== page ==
Co-Opting the Radical Instinct

In summer 2000, Tom Hayden released the following essay. It’s powerful historical revelation still moves me, and may help you understand further what we’re up against. Even if you don’t see yourself as a radical, read it – it can help anyone in nonprofits, schools, and throughout our communities. – Adam

Co-opting the Radical Instinct, by Tom Hayden.

I think that you all might want to know something about how the other side sees you.

There’s a study done by the Cattlemen’s Society. Now, you may think they’re an irrelevant, marginal group, but they’re quite crucial to the frontier mentality that built this great country on the backs of the native people. They are a big special interest group, and they pay good money to find out who these activists are. A few years ago they did a study. The question was: How do we contain and stop this direct action movement? It wasn’t called the direct action movement then; it was the civil disobedience movement, the protesters, the environmentalists, all the rabble that they were concerned about at the time.

They created a chart. At one end were the radicals, defined as people who believe that the system itself has to be changed. A radical would he anybody who understands that globalization is a system with many fronts and many issues. Their prescription for the radicals was to isolate and discredit them, not because there was something inherently radical in their behavior, but because they were pointing out that it was a system. So, the first goal, they said, was to discredit the radical analysis.

The second group on the spectrum were the idealists. These are people who want to give the system a chance. They believe in the same social justice values that the radicals do, but they’re idealistic; they don’t have a cold, cynical view that nothing is possible under the system. So, it’s extremely important, the study said, that the idealists don’t become radicals. In order to keep this from happening, you raise the stakes of radicalism so that people are afraid to become radical, because they then get smeared, discredited, and worse. You have to give the idealists occasional victories in order to keep their hope in the system alive.

Third on this continuum came the pragmatists. The pragmatists are former idealists who’ve won some victories, who start to believe that the system works. So, they said, it’s extremely important for the idealists to have victories — not because of justice, but because that way they become pragmatists. And you want the pragmatists to be able to say: See? The system works. Be pragmatic.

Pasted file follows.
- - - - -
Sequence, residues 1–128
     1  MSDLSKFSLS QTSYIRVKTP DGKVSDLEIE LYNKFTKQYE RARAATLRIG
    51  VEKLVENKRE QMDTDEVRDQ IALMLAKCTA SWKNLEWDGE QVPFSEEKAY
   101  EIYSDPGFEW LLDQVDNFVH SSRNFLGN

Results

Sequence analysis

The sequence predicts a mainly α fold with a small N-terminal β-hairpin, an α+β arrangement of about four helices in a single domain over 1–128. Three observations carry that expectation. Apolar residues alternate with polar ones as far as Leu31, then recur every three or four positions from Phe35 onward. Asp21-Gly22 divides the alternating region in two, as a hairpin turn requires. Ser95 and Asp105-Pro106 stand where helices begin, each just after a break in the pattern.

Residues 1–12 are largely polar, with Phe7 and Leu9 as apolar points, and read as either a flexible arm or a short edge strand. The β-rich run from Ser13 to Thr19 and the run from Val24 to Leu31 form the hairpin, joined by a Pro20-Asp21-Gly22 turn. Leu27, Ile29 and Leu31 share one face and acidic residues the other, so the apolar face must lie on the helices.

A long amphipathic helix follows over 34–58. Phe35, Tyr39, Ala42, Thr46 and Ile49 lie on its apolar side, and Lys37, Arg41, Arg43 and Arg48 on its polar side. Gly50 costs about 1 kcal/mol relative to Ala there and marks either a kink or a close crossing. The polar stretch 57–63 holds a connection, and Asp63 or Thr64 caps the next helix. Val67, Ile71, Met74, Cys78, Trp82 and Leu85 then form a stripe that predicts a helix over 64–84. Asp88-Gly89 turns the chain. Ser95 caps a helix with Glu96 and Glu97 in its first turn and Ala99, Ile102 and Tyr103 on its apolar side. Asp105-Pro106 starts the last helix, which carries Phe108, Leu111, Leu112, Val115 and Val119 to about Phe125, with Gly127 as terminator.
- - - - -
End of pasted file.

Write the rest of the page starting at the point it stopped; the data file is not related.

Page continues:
And the final part of the spectrum — the culmination of your future, if you follow this plan — is that you can become an opportunist. An opportunist is a former pragmatist. An opportunist, they said, is a pragmatist who gets attracted to the money, the glamour, the status, and the power. And then they had a whole workshop on how this could be done. How to discredit the radicals, cultivate the idealists, make them pragmatists, and then find the opportunists among the pragmatists. And there — you have the story of my generation, the 60s generation.

You have millions of people who have radical instincts but little expectation, who have lowered their expectation. You have millions of people who are former idealists, who have become pragmatists. And you have plenty of people who are opportunists. My question is: How can you break this cycle? It’s the most important cycle to break. You can’t break the cycle of poverty; you can’t break the cycle of violence; you can’t break the cycle of corporate expansion; you can’t break the cycle of the arms race; you can’t break the cycle of imprisonment, if you don’t break the cycle by which radicals are isolated, idealists are turned into pragmatists, and pragmatists into opportunists. I have not found an answer to this problem, but I’m here to tell you it is the problem. And you are its answer.

Tom Hayden cofounded Students for a Democratic Society (SDS) in 1959, and in the early 1960s he co-authored the highly-influential Port Huron Statement. After the 1968 Democratic National Convention in Chicago, he was indicted with the Chicago Seven and later acquitted. Tom Hayden is currently a state senator from Los Angeles and has authored over 175 measures, including animal welfare, campaign finance, education, environmental, prison reform, and worker safety initiatives.

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